Wednesday, February 29, 2012

Tuesday, February 28, 2012

What is a nation now?

From conservative commentator Pat Buchanan's new book, Suicide of a Superpower: Will America Survive to 2025?:
For what is a nation?

Is it not a people of a common ancestry, culture, and language who worship the same God, revere the same heroes, cherish the same history, celebrate the same holidays, share the same music, poetry, art, literature, held together, in Lincoln’s words, by “bonds of affection ... mystic chords of memory, stretching from every battle-field, and patriot grave, to every living heart and hearth-stone”?

If that is what a nation is, can we truly say America is still a nation? The European and Christian core of our country is shrinking. The birth rate of our native born has been below replacement level for decades. By 2020, deaths among white Americans will exceed births, while mass immigration is altering forever the face of America.
I have heard the same sentiments from Canadians of my generation who are unsettled by the passing of a way of life they considered good, right, and normal.

In our nostalgic moments, we tend to remember the best of those times, and mourn their passing.

Those 40 years old and under, now about half the population, don't remember those "good old days." They didn't come of age in that homogeneous society where most folks didn't encounter many people of other races or religions, or people who were openly gay, or women who deliberately chose motherhood out of wedlock.

This is the generation that is defining the new normal around race, sexuality, family, and religion.

Some of us oldtimers are open to this, some are thinking it over, and others will have none of it. Each to his own. This stuff is bone deep, and change is hard.

But on the whole, we are becoming a more accepting, less hypocritical, country.

Mixed race marriages no longer raise eyebrows, nor do couples who opt not to be parents. Gay couples have the option to marry, and everyone has the option to create a family outside of marriage. One's religion, or lack of it, is considered a private matter. Having a family of another race move in next door is not cause for alarm.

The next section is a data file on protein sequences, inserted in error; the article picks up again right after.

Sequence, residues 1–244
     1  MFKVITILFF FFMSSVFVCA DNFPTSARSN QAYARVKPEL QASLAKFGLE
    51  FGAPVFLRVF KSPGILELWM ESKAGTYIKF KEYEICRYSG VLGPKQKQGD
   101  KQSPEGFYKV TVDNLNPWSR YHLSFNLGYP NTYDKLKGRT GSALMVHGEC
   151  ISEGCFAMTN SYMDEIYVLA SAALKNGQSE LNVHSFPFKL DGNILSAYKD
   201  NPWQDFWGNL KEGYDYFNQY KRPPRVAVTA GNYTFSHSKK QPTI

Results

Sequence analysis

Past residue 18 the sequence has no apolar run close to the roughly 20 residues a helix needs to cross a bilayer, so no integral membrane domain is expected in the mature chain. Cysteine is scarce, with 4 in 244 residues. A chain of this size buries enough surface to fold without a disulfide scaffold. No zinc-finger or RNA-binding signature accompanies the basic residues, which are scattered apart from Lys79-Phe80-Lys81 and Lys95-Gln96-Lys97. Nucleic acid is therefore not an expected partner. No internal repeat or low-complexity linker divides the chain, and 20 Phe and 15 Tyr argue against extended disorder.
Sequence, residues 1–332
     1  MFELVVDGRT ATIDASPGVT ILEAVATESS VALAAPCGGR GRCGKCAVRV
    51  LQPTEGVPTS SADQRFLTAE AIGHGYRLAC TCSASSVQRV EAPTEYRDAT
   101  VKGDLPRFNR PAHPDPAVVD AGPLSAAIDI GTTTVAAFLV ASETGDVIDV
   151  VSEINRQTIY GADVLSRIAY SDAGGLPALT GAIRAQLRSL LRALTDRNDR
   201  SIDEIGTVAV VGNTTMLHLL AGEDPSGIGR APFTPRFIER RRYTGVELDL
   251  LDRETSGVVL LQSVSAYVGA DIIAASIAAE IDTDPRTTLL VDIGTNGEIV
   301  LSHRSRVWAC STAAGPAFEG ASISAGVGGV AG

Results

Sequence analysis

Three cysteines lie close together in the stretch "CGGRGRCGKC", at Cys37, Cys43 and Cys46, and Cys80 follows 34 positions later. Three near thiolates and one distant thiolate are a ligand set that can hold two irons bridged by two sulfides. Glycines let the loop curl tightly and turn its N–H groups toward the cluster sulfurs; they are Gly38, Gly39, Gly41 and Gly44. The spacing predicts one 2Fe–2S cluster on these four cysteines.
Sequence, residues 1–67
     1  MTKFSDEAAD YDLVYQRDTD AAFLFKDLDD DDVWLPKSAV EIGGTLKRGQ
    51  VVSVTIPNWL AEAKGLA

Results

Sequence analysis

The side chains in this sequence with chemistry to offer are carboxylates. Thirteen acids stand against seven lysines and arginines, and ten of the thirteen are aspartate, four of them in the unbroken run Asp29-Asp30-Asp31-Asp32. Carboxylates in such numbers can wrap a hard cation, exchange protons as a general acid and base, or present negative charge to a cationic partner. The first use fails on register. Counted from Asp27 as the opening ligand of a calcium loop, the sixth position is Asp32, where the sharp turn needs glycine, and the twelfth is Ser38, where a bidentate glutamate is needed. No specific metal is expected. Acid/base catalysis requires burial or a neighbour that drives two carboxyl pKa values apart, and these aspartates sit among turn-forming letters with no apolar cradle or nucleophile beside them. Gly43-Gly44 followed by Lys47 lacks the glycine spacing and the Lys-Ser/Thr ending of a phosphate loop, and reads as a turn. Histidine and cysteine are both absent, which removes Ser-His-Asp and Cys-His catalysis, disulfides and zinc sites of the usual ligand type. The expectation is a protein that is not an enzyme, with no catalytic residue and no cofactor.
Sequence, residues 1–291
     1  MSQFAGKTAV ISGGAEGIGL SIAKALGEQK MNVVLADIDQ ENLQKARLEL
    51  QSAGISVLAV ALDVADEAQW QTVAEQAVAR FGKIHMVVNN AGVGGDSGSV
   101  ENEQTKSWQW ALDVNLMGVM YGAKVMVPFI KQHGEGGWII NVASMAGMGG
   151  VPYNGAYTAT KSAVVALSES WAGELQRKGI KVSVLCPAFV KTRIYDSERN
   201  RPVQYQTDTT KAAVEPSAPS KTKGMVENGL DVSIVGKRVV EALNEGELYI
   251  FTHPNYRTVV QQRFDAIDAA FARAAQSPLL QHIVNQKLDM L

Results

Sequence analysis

I am describing the cities, of course, where most Canadians now live. The towns and the rural areas are still making the shift because diversity arrived later there, but that shift is inevitable.

And based on recent reports, it seems Canadians of all origins share "bonds of affection" for their country, too. That's good.

Not a perfect place but, while some will disagree, I think it's a better kind of nation.

Monday, February 27, 2012

Not for multitaskers

Circa 1925, the “Isolator” was designed to focus the mind when reading or writing, by eliminating all outside noise, and allowing just one line of text to be seen through a horizontal slit. The tank supplies oxygen.

[Found on A Great Disorder]

Friday, February 24, 2012

Signs of the times

Just because everything is different doesn't mean anything has changed. ~ Irene Peter
• No need to remove your gloves to tweet about your perfect Wildcat on the board run. Outdoor Research's new Sensor Gloves are coated with nanoparticles that interact with touchscreens the same way skin does.

• A professor at Nottingham Business School at Nottingham Trent University, says psychopaths, the 1 percent of people who lack a conscience, feelings, sympathy or empathy for other people, are to blame for the financial crisis. They were able to make it to the top of of important financial institutions, and caused the crisis because of their “single-minded pursuit of their own self-enrichment and self- aggrandizement to the exclusion of all other considerations."

• About one in five Americans with mortgages are "underwater," which means they owe more than their home is worth.

• There's a new game going around. When the gang eats out, everyone places his/her phone face down in the middle of the table. During dinner the phones ring, signalling incoming calls and text messages. The first person to grab their phone to take a call or check a message buys dinner for everyone at the table. In my opinion, this ought to be a law.

• First it was software that enables drivers to watch DVD's on their navigation screens. Now it's your phone's touch screen in your rearview mirror. Insane!

• The American military has developed a robotic mule.
Looking for change? Check the sofa.

Thursday, February 23, 2012

Wednesday, February 22, 2012

Cello wars

Tuesday, February 21, 2012

The Pastor's Ass

[A modern-day parable, sent along by Mimi. Author unknown.]

The Pastor entered his donkey in a race and it won.

The Pastor was so pleased with the donkey that he entered it in the
race again and it won again.

The local paper read:
PASTOR'S ASS A WINNER

The Bishop was so upset with this kind of publicity that he ordered the Pastor not to enter the donkey in any more races.